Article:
Embarked: 134 men
Voyage: 129 days
Surgeon's Journal: yes
Previous vessel: Asia
(III)arrived 29 April 1825
Next vessel: Mariner
arrived 10 July 1825
Captain William Vaughan
Surgeon Superintendent Michael Goodsir
Convicts and passengers of the Hercules identified in the Hunter Valley
The Hercules was built at Whitby in 1822 . Convicts were transported to Australia on the Hercules in 1825, 1830
One hundred and thirty four convicts from counties in England were embarked on the 'Hercules', many from the York and Leviathan hulks on 7th December 1824.
The Guard consisted of a detachment of 41st and 48th regt., under Lieut. Stewart.
It was reported on 18th December 1824 at Portsmouth of the detention of many outward bound vessels by contrary winds. Some of the ships had been two months out of the Downs during which they had made repeated ineffectual struggles to clear the Channel but could not get to the westward of Plymouth. The convict ships Hercules, Royal Charlotte
and the Asia
were among these vessels detained at Portsmouth. The 'Hercules' finally set sail on 9th January 1825.
Cape of Good Hope
The Hercules was at the Cape of Good Hope by the 17th March 1829.
While at the Cape they were alarmed when Private John Green accidentally shot himself through the wrist. On the sound of the gun discharging the Guard and Seamen all under arms and believing convicts were escaping rushed to the deck to contain them to find only the injured soldier on deck and the convicts all safely locked in their prison.
They departed from the Cape on 29th March 1825.
Convicts Treated During the Voyage
Convicts and Soldiers mentioned in the surgeon's journal:
Francis Norris, convict, aged 39
Charles Hollowell, convict, aged 19
William Chapman, convict, aged 18
Charles Simes, convict, aged 23
James Sammon, private, 41st Regiment, aged 30
Edward Thomason, convict, aged 36
John Gregson, convict, aged 30
James Franklin, convict, aged 53. Died 3 February 1825
Thomas Wardell, convict, aged 19
William Cousins, convict
Mathew Fennel, private, aged 41
Emanuel Phillips, convict, aged 19
Robert Fuller, convict, aged 20
John Bacon, convict, aged 19
The Hercules arrived in Port Jackson on Saturday 7th May 1825. A muster was held on board on the 9th May.
Arriving on the Hercules was the greatest collection of fruit trees ever imported into the Colony. The trees arrived in excellent condition and were for the Horticultural Society and the Botanic Garden.
Silver plate and trimmings for all the Churches also came by the Hercules.
Cabin and Steerage Passengers
Passengers Archdeacon Thomas Hobbes Scott, Captain Francis Nicholas Rossi (Superintendent of Police), Mrs. Rossi and two children, Mr. Surveyor James Ralph. Mrs. Stewart and four servants. John Warner or Warren arrived as a free government passenger.
The Australian reported on 12th May - 'The Venerable the Arch-Deacon who arrived in the Hercules, landed very properly like other people. Some silly folks imagined that his Venerability intended to disembark with public honours by 'roar of cannon' and by 'beat of drum'. Mr. Rossi, the new Superintendent of Police with his Lady and two children has arrived on the Hercules. He speaks English very well, but with a foreign - an Italian accent'.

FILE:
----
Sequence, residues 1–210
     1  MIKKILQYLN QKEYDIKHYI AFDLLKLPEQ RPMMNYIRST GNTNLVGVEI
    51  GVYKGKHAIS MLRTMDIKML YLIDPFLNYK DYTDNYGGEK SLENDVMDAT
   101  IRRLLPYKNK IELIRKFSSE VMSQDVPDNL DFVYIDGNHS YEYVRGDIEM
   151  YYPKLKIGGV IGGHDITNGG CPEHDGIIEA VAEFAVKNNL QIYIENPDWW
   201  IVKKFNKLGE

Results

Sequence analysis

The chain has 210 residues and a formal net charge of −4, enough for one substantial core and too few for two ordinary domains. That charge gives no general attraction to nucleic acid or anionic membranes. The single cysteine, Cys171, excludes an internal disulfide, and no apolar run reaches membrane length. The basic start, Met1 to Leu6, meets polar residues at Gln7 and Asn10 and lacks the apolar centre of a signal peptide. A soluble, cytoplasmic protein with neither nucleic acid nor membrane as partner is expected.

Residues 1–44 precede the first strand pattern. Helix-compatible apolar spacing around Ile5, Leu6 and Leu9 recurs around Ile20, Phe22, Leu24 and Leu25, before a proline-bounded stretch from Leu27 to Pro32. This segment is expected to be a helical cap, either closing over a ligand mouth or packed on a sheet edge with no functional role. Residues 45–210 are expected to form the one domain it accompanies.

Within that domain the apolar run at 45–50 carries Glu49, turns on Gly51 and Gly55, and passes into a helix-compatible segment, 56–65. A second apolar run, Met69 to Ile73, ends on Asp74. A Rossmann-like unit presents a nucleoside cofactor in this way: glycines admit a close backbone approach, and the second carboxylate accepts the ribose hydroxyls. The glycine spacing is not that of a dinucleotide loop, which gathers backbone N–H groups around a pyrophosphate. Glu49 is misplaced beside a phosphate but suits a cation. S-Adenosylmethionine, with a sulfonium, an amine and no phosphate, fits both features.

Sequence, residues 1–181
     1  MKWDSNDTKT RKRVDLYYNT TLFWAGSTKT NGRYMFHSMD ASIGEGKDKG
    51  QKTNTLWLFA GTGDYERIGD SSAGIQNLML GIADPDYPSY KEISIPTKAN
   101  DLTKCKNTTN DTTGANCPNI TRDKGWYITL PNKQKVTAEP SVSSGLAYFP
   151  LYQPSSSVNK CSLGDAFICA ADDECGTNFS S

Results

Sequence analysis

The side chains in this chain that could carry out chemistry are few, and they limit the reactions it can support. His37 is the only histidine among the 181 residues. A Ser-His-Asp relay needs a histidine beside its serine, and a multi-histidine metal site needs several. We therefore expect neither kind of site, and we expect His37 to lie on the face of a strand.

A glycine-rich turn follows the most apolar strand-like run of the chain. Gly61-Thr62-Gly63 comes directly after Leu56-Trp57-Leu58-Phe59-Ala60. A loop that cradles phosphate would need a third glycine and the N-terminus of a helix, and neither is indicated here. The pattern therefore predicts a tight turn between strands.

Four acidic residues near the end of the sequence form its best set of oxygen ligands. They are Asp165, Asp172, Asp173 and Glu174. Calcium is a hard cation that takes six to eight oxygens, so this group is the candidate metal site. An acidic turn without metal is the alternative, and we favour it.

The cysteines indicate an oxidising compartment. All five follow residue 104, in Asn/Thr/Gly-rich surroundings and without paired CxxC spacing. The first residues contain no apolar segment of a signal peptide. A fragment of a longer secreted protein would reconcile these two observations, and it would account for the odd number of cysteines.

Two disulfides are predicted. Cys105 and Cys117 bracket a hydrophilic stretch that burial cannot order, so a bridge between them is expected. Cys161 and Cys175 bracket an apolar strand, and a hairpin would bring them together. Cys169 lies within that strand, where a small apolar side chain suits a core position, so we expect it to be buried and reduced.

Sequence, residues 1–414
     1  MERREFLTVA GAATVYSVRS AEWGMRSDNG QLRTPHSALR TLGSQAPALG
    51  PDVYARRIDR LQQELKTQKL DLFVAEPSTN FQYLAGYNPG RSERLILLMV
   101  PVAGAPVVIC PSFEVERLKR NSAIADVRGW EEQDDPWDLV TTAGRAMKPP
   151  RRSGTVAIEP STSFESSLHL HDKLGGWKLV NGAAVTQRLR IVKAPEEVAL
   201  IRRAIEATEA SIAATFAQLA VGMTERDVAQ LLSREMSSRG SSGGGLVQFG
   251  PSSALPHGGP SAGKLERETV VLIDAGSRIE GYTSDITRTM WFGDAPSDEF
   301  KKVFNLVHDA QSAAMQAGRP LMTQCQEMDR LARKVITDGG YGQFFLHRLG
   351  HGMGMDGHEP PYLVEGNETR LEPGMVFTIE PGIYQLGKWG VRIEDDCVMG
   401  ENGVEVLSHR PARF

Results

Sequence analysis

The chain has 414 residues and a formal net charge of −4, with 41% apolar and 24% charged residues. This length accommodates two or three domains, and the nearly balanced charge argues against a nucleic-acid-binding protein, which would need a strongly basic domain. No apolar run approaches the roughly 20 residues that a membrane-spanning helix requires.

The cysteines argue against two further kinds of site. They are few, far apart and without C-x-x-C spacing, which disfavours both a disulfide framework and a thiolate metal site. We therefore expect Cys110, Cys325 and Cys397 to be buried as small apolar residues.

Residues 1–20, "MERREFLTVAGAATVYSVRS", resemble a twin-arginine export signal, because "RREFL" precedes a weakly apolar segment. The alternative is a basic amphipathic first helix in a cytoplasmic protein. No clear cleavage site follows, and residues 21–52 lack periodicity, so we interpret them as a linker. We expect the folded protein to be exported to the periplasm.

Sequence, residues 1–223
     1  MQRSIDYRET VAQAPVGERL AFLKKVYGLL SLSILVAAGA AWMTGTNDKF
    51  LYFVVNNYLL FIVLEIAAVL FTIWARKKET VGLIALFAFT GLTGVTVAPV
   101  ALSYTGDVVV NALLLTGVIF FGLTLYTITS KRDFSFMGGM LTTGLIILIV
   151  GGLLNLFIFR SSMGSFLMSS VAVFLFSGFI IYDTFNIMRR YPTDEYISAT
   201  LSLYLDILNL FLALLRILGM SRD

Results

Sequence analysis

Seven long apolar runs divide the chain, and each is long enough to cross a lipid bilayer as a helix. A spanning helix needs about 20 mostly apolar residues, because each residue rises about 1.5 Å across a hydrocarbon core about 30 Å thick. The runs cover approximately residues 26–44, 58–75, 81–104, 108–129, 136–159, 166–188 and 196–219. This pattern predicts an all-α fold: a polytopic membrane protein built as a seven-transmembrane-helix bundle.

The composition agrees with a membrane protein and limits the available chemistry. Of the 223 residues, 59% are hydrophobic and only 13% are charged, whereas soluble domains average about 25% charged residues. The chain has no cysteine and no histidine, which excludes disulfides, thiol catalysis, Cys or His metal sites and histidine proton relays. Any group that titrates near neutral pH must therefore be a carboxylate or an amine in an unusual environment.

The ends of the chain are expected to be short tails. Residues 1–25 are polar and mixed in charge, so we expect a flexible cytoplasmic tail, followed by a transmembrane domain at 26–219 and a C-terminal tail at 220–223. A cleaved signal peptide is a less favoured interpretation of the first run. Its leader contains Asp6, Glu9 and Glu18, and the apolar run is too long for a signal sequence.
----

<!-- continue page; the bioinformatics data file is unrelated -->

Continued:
Surgeon Michael Goodsir
Michael Goodsir kept a Medical and Surgical Journal from 26th November 1824 to 10 May 1825. He reported that it was a quick passage with favourable weather -
'I have been fortunate in having very few sick. The few cases I have had are common to every climate. I lost only one man during the voyage, he had been for many years sick with asthma and a ruined constitution when he came on board. From the confinement of the prisoners and consequence want of exercise, purgative medicines were often required and my principal expenditure has been on them'. 
The prisoners were landed on Wednesday morning 11 May 1825 and underwent an inspection by Governor Brisbane. Their healthy appearance gave every indication of the kind treatment experienced during the voyage.
Notes and Links
1). Convicts arriving on the Hercules who later made their mark in the Hunter Valley included Henry Reeves
, James Stilsby
and William Corner
2). Archdeacon Thomas Hobbes Scott had previously arrived in the colony on the John Barry
in 1819 as Secretary to Commissioner John Thomas Bigge. He died at Whitfield Northumberland on 1st January 1860 aged 76
3). Convicts and passengers of the Hercules identified in the Hunter Valley
4). The National Archives UK - voyage of the Hercules after departing Australia. Principal Managing Owners: Buckle and Co. Voyages: (1) 1825/6 Bengal. Capt William Vaughan. Dock 23 Jun 1826 - 16 Oct Madras - 15 Nov Calcutta. (2) 1827/8 Madras and Bengal. Capt William Vaughan. Downs 22 May 1828 - 21 Sep Madras - 12 Oct Calcutta - 3 Jan 1829 Diamond Harbour - 6 Feb Madras - 30 Apr St Helena - 21 Jun Downs.
5). Return of Convicts of the 'Hercules' assigned between 1st January 1832 and 31st March 1832 (Sydney Gazette5 July 1832).....
Henry Pether. Waiter assigned to James Scott at St. Heliers
6). Michael Goodsir was also employed as surgeon on the convict ships Countess of Harcourt
in 1827, Waterloo
in 1829 and the Royal George in 1830 (VDL)
 Bateson, Charles Library of Australian History (1983). The convict ships, 1787-1868 (Australian ed). Library of Australian History, Sydney : pp.346-347
 Ancestry.com. UK, Royal Navy Medical Journals, 1817-1857. Medical Journal of Michael Goodsir on the voyage of the Hercules in 1825The National Archives. Kew, Richmond, Surrey.
 National Archives
- Reference: ADM 101/34/1 Description: Diary of the convict ship Hercules, which sailed from England to New South Wales, from 26 November 1824 to 10 May 1825 by Michael Goodsir, surgeon and superintendent.